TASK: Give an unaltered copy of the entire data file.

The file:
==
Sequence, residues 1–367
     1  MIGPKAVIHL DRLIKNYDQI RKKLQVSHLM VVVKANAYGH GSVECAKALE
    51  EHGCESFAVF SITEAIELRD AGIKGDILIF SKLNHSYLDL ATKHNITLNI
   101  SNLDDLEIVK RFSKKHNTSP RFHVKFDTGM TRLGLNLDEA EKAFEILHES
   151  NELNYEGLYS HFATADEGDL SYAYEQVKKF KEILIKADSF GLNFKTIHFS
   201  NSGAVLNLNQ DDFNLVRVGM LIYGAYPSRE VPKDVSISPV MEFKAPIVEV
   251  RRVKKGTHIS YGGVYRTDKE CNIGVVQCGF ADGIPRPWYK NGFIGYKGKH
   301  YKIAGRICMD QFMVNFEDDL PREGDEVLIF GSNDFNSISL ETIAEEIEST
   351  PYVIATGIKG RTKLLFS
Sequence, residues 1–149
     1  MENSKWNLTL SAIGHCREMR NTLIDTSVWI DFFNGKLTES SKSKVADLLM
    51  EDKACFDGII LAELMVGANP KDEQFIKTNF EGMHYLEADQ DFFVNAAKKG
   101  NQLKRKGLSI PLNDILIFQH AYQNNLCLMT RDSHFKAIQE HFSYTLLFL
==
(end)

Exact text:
Sequence, residues 1–367
     1  MIGPKAVIHL DRLIKNYDQI RKKLQVSHLM VVVKANAYGH GSVECAKALE
    51  EHGCESFAVF SITEAIELRD AGIKGDILIF SKLNHSYLDL ATKHNITLNI
   101  SNLDDLEIVK RFSKKHNTSP RFHVKFDTGM TRLGLNLDEA EKAFEILHES
   151  NELNYEGLYS HFATADEGDL SYAYEQVKKF KEILIKADSF GLNFKTIHFS
   201  NSGAVLNLNQ DDFNLVRVGM LIYGAYPSRE VPKDVSISPV MEFKAPIVEV
   251  RRVKKGTHIS YGGVYRTDKE CNIGVVQCGF ADGIPRPWYK NGFIGYKGKH
   301  YKIAGRICMD QFMVNFEDDL PREGDEVLIF GSNDFNSISL ETIAEEIEST
   351  PYVIATGIKG RTKLLFS
Sequence, residues 1–149
     1  MENSKWNLTL SAIGHCREMR NTLIDTSVWI DFFNGKLTES SKSKVADLLM
    51  EDKACFDGII LAELMVGANP KDEQFIKTNF EGMHYLEADQ DFFVNAAKKG
   101  NQLKRKGLSI PLNDILIFQH AYQNNLCLMT RDSHFKAIQE HFSYTLLFL